The plaintiff in the class-action lawsuit, filed in January 2014, was Natta Iyela Gbarabe, a fisherman in the coastal community of Bayelsa State in Nigeria. Represented by plaintiffs attorneys Jacqueline Perry and Neil Fraser, Gbarabe argued that a January 16, 2012 explosion on the KS Endeavor drilling rig off the coast of Nigeria caused “an almost total loss of yield in the waters” that he fished, as well as damaged his fishing equipment and caused him health problems.

Chevron later discovered that Gbarabe’s case was secretly being funded by Therium Capital Management, one of the world's largest litigation funding firms, based in the United Kingdom.

Through discovery, Chevron’s attorneys at the multinational law firm Jones Day found that Therium had committed $1.7 million (of apparently $304 million raised from a single investor) to the Gbarabe case. Under the terms of the funding agreement, if Gbarabe’s attorneys recovered any money, they would have been required to pay Therium six times the $1.7 million it had committed to the case, as well as pay back whatever Therium had actually put into litigation, which in all could have amounted to $11.9 million.

The court ultimately denied the plaintiff’s motion of class action certification, and the lawsuit was voluntarily dismissed by joint stipulation.

As Ben Hancock wrote in an October 2017 American Lawyer story about Gbarabe: “The case has become a part of a broader debate about transparency and litigation finance. The U.S. Chamber of Commerce, an opponent of third-party litigation funding, highlighted the terms of Therium’s agreement with Perry and Fraser last summer in a renewed proposal to a federal judicial committee to require disclosure of funding deals in all federal civil litigation. Funding agreements that require putative class members to hand over part of their recovery to funders ‘blur the line separating lawyers from nonlawyers and undermine the sacrosanct attorney-client relationship that is at the core of our civil justice system,’ the chamber wrote in June.”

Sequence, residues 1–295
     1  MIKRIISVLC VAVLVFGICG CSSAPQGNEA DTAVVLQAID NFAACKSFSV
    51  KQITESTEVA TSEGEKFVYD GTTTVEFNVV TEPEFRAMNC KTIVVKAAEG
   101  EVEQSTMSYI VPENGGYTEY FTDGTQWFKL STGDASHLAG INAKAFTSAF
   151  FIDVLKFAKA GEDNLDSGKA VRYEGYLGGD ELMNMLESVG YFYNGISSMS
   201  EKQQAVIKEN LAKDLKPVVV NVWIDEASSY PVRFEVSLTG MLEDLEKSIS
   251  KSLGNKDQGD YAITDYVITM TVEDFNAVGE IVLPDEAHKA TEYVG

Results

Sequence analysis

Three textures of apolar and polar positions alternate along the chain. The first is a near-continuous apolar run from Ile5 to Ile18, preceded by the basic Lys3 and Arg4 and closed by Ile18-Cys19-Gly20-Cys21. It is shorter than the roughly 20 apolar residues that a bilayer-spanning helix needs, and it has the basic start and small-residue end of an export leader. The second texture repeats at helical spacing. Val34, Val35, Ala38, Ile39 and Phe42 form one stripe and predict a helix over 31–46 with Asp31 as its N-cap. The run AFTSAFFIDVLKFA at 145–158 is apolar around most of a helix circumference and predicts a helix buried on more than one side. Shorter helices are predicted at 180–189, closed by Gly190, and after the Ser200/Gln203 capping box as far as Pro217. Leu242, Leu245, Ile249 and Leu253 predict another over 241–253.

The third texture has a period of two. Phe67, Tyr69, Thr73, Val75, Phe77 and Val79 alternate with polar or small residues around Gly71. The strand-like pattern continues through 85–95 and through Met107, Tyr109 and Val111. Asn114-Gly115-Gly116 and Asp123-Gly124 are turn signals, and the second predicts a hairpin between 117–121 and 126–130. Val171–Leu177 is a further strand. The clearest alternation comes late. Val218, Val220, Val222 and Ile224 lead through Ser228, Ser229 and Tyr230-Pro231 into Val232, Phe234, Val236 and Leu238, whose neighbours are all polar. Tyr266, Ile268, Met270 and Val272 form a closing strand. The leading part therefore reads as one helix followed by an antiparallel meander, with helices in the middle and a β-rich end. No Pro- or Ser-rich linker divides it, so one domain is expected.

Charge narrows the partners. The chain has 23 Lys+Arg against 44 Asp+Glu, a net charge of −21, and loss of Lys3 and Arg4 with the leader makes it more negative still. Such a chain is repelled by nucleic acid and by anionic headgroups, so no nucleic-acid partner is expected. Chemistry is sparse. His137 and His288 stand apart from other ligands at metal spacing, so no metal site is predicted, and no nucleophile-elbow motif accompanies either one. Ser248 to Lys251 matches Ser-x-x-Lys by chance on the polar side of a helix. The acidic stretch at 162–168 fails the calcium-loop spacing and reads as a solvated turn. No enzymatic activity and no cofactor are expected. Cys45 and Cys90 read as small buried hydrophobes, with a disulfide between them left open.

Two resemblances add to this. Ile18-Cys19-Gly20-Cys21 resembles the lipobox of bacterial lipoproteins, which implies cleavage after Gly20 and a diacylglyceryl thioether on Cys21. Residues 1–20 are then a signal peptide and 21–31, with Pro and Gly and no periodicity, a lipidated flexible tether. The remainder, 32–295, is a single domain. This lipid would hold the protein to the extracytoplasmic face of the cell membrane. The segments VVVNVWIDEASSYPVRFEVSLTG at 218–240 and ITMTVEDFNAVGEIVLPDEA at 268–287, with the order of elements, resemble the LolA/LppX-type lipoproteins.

It’s this sort of murky legal ethics that the backers of the Florida bills say they’re trying to combat. And they’re not the only ones with such concerns. Legislation dealing with litigation funding—including disclosure requirements and consumer protections—is pending in at least nine other states, according to the LexisNexis State Net legislative tracking system. This is an issue that may just be getting started. Stay tuned.

—Compiled by By SNCJ Correspondent BRIAN JOSEPH

Visit our webpage to connect with a LexisNexis® State Net® representative and learn how the State Net legislative and regulatory tracking service can help you identify, track, analyze and report on relevant legislative and regulatory developments.